• Check the excavation/trench for tension cracks, surface water before permitting access to the area
  • Erect barricading in the form of fencing/ barrier tape and signage around the perimeter of any open excavation/trench at a minimum distance of 2 meters from the edge of the opening.
  • Personnel must use the designated access and egress points to an excavation or trench
  • Personnel must not approach a loose digging face or mobile equipment excavating a trench
  • Work involving repair to underground services/utilities, must have those services isolated and locked out before digging/excavation can commence (refer fatality prevention element for isolation and lockout)
  • Diesel/ petrol driven equipment cannot be operated within a trench with personnel working. Atmospheric testing being performed prior to entry - (refer fatality prevention element confined space)
 4.6 Maintenance
 No requirement applies to this element

 4.7 Emergency Controls

Where digging and excavation requires personnel to access the excavation/trench a specific rescue plan must be in place and suitable rescue equipment must be available before entry into the excavation/ trench is permitted.
4.8 Monitoring, Inspections and Audits

An inspection of excavations/ trenches must be performed weekly or when any of the following situations arise:
  1. Tension cracks, sloughing, undercutting, water seepage, bulging at the bottom, or other similar conditions occur
  2. After inclement weather (rainstorm)
  3. Change in the size, location, or placement of the spoil pile
  4. Any indication of change or movement in adjacent structures
  5. The inspection will be performed using a formal checklist and the findings recorded.  Inspection checklist shall be retained for a period of 6 months.
Annual audits must be performed to verify the quality and effectiveness of the requirements set out in this element. As a minimum this will include :
  • Schedules for audits
  • Audit verification of:
  • Quality of the risk assessments performed
  • Quality of the inspection program for digging and excavations
  • Compliance to training, competency, and awareness requirements
  • Compliance to excavation permitting requirements
  • Feedback and reporting requirements
Task/job observations must be performed for the purpose of measuring compliance in regard to:
  • Excavation permit issuing procedure
  • Construction of protective support systems
  • Work practices being performed within the trench/excavation
4.9 Reporting, Assessment and Corrective Actions

Processes must be in place for the reporting, assessment, and correction of hazards identified with equipment used for digging and protective support systems or trenching practices and must address:
  • Actions required to stand down unsafe equipment or stop work
  • The recording of actions taken to correct the hazard or defect

5. Glossary of Terms


The person designated to ensure that the assigned requirement is implemented. This person is held liable and answerable to the level of compliance against the stated requirement.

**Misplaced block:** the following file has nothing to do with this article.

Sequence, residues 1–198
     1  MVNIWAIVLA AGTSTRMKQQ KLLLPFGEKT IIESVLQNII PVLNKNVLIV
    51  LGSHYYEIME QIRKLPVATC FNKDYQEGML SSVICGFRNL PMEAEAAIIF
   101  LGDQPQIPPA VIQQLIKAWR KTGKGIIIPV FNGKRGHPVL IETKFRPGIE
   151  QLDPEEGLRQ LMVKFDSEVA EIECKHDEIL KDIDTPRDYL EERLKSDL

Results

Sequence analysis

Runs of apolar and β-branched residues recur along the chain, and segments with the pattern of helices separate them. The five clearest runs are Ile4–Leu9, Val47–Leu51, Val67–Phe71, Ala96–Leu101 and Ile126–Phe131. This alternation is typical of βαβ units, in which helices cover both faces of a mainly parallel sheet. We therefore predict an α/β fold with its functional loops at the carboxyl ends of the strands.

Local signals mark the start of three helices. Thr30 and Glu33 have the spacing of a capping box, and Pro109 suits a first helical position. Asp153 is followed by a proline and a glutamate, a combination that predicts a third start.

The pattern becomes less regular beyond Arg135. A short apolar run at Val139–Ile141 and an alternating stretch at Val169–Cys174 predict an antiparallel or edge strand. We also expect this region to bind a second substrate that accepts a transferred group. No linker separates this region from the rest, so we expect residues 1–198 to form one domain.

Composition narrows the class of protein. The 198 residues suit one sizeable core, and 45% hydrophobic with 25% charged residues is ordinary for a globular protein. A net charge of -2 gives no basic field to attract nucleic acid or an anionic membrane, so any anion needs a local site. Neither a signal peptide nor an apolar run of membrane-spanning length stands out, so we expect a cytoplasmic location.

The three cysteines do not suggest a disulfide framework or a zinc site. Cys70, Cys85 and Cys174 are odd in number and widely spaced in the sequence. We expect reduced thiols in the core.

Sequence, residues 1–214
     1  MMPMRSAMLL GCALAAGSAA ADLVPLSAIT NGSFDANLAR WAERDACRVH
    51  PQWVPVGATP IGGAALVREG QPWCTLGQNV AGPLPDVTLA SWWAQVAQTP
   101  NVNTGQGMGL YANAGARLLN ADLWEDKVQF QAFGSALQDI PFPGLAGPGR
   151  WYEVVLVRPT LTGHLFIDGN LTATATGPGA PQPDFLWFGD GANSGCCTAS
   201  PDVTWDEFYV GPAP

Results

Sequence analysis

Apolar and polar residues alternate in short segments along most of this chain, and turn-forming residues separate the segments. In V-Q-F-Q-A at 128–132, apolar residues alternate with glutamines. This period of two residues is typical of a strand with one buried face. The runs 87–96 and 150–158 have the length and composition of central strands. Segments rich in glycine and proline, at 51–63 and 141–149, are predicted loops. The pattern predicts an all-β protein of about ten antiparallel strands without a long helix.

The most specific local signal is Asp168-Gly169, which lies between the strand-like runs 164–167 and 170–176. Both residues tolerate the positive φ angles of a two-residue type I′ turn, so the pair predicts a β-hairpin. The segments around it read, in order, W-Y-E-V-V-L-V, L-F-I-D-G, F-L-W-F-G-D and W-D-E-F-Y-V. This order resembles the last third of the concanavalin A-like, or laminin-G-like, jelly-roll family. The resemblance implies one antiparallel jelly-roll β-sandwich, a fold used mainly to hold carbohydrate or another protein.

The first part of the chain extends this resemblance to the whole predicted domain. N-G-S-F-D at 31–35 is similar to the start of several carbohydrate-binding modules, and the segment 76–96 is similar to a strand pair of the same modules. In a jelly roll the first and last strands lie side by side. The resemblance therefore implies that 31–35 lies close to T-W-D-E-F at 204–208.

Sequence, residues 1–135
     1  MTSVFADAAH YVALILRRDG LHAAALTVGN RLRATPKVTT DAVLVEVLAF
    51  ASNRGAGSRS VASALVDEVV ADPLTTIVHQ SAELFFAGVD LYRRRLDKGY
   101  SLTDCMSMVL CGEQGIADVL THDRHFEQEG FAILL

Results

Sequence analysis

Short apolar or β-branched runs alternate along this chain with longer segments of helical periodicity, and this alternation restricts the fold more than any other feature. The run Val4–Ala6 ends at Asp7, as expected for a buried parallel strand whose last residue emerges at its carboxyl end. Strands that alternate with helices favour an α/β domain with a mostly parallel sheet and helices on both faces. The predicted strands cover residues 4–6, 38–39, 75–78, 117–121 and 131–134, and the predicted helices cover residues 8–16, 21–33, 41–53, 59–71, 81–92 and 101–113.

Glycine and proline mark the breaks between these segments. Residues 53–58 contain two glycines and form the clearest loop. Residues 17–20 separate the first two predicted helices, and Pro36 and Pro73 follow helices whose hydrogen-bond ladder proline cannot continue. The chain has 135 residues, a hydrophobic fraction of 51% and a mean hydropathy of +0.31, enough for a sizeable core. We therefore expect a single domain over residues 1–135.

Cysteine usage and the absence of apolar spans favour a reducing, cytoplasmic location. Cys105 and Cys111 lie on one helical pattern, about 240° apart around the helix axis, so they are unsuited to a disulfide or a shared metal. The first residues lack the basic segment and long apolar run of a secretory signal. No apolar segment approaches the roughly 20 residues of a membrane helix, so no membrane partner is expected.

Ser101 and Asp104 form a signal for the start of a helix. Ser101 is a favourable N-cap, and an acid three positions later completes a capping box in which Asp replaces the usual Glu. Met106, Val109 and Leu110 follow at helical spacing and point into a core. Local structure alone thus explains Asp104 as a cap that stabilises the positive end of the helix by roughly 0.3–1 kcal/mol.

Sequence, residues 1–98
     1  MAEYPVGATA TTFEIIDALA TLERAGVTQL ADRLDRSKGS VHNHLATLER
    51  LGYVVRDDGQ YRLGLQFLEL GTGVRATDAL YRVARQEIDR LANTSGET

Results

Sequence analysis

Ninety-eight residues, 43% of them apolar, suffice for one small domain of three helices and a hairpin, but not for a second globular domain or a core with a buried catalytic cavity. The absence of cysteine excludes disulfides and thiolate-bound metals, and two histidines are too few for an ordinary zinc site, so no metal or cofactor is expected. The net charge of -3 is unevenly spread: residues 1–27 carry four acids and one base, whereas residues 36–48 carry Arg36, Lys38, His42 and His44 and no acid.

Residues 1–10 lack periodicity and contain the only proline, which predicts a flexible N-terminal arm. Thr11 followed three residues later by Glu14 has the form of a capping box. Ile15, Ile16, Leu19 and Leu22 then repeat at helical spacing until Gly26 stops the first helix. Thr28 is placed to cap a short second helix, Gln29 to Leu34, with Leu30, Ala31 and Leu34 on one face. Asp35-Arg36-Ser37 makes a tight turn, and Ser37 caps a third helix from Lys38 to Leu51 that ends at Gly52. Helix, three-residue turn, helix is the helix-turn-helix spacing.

Construction Safety

Permission granted by the relevant Manager or nominee to carry out specific tasks.

Angle of Repose
Angle (or incline) from the horizontal surface at which the excavation wall is cut.

Competent Person

A person having a combination of training, education, experience, acquired knowledge and skills enabling them with the capability to perform specified tasks to a pre-determined quality, which may be assessed against, defined criteria.

Bench (benching)

Method of protecting employees from cave-in by excavating the sides of an excavation to form one or more horizontal levels or steps, usually separated by vertical or near-vertical surfaces.


A firm or person employed under a contract to provide services to firm as distinct from a contract of employment. 

Department Manager

The person nominated by the company as Manager under the organizational structure, also the most senior position within a firm contracting work to firm.

Excavation/ Trench

Man-made cut, cavity, trench or depression in the earth surface formed by the removal of soil and rock.


Are all people including company employees, sub contractors, third party contractors and visitors which work within the firm managed operation and/or company employees which a performing work for the operation outside the lease area

Potential to cause a Fatality / Risk of a fatality

A hazard that has been identified that if not properly controlled will contribute to a fatal incident. This can be derived from previous fatal incident experience and /or having being identified by means of a risk assessment as having a consequence for fatal injuries.

Protective Support System

Method of protecting employees from cave-in, from material that could fall or roll from the face or wall into an excavation, or from collapse of adjacent structures. Protective support systems include support systems, sloping and benching, shields, and other devices or methods that provide necessary protection.


Digging the sides at an incline away from the deepest part of an excavation to prevent cave-in. The angle required depends on factors such as soil type, environmental conditions (wet or dry soil), and equipment, structures, soil or other material near the edge of excavation.